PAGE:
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“New Year’s Eve Tragedy” by Gracie K. is a fictional piece of writing about a boy called Tommy who drove while intoxicated with three passengers after a party, resulting in a fatal accident, killing one boy named Bobby and paralyzing another. The deceased teenager’s family experiencing the news about their child was told in detail, as well as Tommy’s feelings coping with the reality that he killed a man. While I enjoyed reading the story, there were some characteristics of its structure that felt like it did not help the narrative.
     

The change in the point of view confused me about who I was supposed to focus on. The story began in first person, centered on a juror present while Tommy’s trial took place. In this moment, most of the events in the story’s timeline already occurred and were explained. Then, after Tommy’s sentence was determined, the point of view changed to third person omniscient. The narrator honed in on Bobby, his parents, and Tommy, in that order. This caused me to question what the purpose of switching perspectives was and why it was done. If the juror was meant to portray an outsider’s view of the case, why was it in first person? Why was the role of the protagonist passed off as the story progressed? For example, after the verdict, the story continued in the eyes of Bobby. Then, it transitioned to his parents after they were introduced, and as they visit the hospital, it switched again to Tommy in the waiting room. This act of cutting off the characters’ stories once they met the next teller made the reader’s viewpoint selectively blind to what happened to everyone after they were no longer followed. It puzzled me what I gained with this approach as opposed to other ways. To illustrate, if there was a single, clear protagonist, I would know more about his or her traits and feel more emotion for their misfortunes. However, changing narrators, especially before or after they experience stress makes these characters feel distant and less human. The biggest change in personality was Tommy, who became more solemn and serious after his drunkenness murdered his friend, but that was based on the car accident that was only described from strangers and his jail time that was briefly summarized. Moving from perspective to perspective in this way made me feel out-of-touch and unresponsive to these tragedies.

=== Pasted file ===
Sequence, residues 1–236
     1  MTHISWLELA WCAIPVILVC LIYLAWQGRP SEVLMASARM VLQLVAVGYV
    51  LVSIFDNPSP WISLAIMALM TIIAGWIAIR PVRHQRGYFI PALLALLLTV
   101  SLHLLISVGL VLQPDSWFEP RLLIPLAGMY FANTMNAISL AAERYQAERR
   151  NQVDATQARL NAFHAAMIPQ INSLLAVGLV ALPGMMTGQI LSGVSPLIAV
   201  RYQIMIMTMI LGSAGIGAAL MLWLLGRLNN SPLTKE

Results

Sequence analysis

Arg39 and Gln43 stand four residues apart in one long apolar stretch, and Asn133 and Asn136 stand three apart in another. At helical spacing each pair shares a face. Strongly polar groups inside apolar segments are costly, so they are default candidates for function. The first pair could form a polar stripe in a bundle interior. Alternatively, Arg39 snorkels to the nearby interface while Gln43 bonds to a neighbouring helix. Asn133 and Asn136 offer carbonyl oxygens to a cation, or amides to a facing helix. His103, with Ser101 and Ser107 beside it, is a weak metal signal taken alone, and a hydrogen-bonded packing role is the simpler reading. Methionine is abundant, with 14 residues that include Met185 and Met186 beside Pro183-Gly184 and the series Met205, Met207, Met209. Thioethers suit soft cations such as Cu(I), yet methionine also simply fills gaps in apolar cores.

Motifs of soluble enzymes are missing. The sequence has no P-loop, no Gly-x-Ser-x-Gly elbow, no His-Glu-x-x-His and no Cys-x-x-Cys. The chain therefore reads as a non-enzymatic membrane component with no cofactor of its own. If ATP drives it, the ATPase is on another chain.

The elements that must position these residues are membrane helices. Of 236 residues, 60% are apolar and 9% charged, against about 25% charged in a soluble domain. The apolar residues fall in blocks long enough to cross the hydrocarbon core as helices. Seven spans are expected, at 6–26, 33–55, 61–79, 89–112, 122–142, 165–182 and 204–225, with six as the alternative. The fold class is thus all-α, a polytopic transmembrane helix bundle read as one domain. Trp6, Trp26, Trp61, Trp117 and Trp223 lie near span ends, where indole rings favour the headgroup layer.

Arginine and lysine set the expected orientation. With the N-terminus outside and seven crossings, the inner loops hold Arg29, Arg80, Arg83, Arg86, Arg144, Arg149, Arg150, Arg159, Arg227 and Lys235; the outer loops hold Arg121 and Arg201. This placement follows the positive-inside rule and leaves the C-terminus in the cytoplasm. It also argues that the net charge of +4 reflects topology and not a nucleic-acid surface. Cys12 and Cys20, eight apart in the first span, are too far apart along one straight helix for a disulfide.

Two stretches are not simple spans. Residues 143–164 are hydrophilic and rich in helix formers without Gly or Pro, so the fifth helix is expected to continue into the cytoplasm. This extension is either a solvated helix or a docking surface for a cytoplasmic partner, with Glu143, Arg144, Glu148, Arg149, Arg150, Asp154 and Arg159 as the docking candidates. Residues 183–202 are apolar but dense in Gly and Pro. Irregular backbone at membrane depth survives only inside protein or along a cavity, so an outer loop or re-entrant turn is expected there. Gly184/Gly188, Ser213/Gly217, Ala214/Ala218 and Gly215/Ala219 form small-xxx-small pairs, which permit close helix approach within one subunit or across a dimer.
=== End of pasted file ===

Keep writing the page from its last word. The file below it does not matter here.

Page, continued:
Also, the way the timeline was presented, with the ending coming first, felt like a spoiler to me and diminished the suspense I felt when reading. I knew almost everything that was to happen from the descriptions the juror gave, which was sympathetic, but not empathetic. From that point, I anticipated everyone’s feelings, understand them, yet because of the juror’s account of the events, I was not moved as strongly as I should have. Not knowing what was to come and its terrible effects would have shocked me much more than starting from the finish and going back to rerun the course of the story.
     

Lastly, the fact that the names of just two characters, Tommy and Bobby, were given, and only near the end of the story (when Bobby’s parents received a phone call stating he died and when Tommy was greeted in the waiting room of the hospital) perplexed me. Descriptions like “the boy” and “he” by themselves created awkward redundancies, and didn’t clearly define the characters, which is where the role of names come in. Names clear up confusion and bring me close to the people I read about. Only hearing “the father,” “the parents,” or “a boy,” particularly when there are multiple boys or parents, felt like hearing a muffled conversation without knowing which voice was which. I imagined that there were many reasons to justify all of these choices, but they ultimately led to a mild experience where I couldn’t feel any of the characters, whether it was due to being unable to distinguish them or having foresight into their futures.






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